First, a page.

Dec 15

Too early to talk lineups?

Adam Weinrib of Fansided doesn’t think so. He has the usual suspects in the usual places, although handing left field to A.J. Pollock and leaving Chris Taylor on the bench might be premature.

Betts, RF
Seager, SS
Turner, 3B
Muncy, 1B
Smith, C
Bellinger, CF
Pollock, LF
Lux, 2B

I agree with Lux at second assuming the season is close to a normal length, which it just might be if the vaccines for COVID-19 really do pan out as effectively as the trials seem to have shown. Lux needs more time to show whether his prospect status was warranted; his 2020 season was horrible (19 Games Played, .175 BA, 3 HR, 8 RBI). He was late reporting to the second training camp before the abbreviated season began and never rounded into the form he’d shown as a September callup in 2019.

This assumes that Turner is awarded a new contract, that Kiké Hernández finds a new home where he can play regularly, and that Taylor and Pederson don’t object to a lot of bench time.

Nov 30

The Hot Stove needs stoking

The uncertainty over the pandemic’s scope and duration is having an impact on baseball’s off-season. There haven’t been very many trades or free-agent signings since the World Series ended the last week of October. While MLB has roughly $2 billion per year in revenue from TV rights (Fox, TBS, ESPN), it derives close to $3 billion from gate receipts (tickets, concessions, parking). A sports industry analysis company called Team Marketing Report created a data set showing truly horrific business results for 2020:

TMR annually produces what it calls the Fan Cost Index, a calculation of the average cost for a fan to attend a game for teams across sports. For the 2020 MLB season, TMR produced a data set looking at how much game-day revenue each club missed out on with the absence of fans. The projection draws from TMR’s 2020 MLB Fan Cost Index and uses what each team saw for attendance across its full 2019 slate of games to approximate the spending that didn’t happen for home games in 2020 because fans weren’t in attendance.

The result: More than $5 billion in lost revenue across the league, according to TMR’s calculations. The New York Yankees topped the list, with an estimated $437 million in game-day revenue lost compared to what the Yankees might have drawn with fans attending a traditional 81-game home schedule. The Miami Marlins were on the other end of the scale, at No 30, with $37 million in game-day revenue lost.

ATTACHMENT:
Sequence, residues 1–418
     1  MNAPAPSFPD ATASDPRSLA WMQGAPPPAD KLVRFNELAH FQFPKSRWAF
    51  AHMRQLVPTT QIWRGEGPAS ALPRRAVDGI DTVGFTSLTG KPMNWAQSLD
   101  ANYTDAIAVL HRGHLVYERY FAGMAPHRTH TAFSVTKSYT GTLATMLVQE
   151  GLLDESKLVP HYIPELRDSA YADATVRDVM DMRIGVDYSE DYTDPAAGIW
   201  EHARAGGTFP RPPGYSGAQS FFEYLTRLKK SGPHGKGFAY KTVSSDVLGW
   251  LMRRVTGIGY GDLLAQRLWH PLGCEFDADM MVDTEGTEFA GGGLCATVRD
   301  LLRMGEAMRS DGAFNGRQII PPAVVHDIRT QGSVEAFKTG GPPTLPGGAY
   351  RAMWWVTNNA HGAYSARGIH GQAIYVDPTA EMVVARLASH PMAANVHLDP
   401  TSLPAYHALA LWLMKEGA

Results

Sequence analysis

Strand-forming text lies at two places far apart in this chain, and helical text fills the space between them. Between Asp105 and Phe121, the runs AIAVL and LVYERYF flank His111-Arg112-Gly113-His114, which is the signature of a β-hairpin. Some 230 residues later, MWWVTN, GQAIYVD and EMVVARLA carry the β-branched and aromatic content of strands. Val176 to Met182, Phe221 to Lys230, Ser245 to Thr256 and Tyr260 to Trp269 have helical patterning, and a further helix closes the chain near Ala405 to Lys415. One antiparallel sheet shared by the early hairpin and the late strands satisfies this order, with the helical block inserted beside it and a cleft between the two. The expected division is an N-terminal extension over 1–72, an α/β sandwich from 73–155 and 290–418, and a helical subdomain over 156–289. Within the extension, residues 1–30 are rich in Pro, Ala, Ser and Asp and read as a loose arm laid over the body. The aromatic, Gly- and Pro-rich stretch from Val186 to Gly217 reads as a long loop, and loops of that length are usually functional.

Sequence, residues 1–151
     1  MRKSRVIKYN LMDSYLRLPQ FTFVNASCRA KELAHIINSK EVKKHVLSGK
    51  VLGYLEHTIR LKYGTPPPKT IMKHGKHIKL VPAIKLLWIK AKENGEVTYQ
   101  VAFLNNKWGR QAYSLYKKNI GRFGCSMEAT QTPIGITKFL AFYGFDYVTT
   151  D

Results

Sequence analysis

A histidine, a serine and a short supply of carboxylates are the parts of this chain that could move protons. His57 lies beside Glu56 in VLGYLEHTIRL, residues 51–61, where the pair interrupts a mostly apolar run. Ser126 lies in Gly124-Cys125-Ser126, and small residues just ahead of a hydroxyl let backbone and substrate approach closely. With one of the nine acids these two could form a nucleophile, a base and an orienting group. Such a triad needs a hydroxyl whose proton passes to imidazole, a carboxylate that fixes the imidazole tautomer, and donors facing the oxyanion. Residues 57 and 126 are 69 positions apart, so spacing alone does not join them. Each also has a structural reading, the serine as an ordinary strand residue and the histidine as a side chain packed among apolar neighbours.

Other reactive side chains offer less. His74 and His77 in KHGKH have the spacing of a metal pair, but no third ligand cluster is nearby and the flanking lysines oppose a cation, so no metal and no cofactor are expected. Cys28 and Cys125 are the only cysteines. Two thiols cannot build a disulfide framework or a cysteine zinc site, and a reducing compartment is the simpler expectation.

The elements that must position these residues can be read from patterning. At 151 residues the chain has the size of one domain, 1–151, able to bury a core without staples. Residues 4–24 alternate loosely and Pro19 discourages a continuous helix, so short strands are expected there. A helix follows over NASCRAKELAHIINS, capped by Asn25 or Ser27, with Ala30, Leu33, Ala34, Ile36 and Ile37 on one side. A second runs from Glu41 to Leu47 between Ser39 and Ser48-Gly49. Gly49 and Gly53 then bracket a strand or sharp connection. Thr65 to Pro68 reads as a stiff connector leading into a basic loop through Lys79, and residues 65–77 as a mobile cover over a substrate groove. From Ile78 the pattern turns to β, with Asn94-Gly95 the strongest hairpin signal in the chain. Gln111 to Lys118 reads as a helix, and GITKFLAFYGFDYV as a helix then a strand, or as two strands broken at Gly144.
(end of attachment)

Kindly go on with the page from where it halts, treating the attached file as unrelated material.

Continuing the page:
See the projected game-day impact for each of MLB’s 30 teams through the gallery above.

If a COVID-19 vaccine or several vaccines become available to the general public by April the season might conceivably begin with fans in the stands, but there’s no guarantee of that. There’s also no guarantee that enough of the public will actually get vaccinated, a requirement before any form of herd immunity can be assured. Failing that, baseball may start its season with cardboard cutouts in the seats again with a resulting loss of revenue.

No GM is going to commit a lot of money to a free agent pitcher without having some idea of how much money he or she is going to take in during the years of that pitcher’s contract. I wouldn’t expect a big surge in player contract signing or movement before spring training begins, or even until it’s close to ending. The US may have a better feel for how its vaccination program is proceeding by then.

Nov 16

Hunkering down, again

With the incredible surge of the pandemic over the past week, I expect that many of the country’s governors will start issuing stay-at-home orders very soon. That being the case, then, while at home we can cook, watch movies and read books. Here are the twenty books in my library I’ve tagged as Dodgers-related. Authors include Jon Weisman, Red Barber, Molly Knight, Roger Kahn, Peter Golenbock, Ron Fairly, John Roseboro, Jane Leavy and Doris Kearns Goodwin. My baseball movies (on DVD) include Bull Durham, Fever Pitch and The Natural.

Anybody gonna read any baseball books or watch any movies?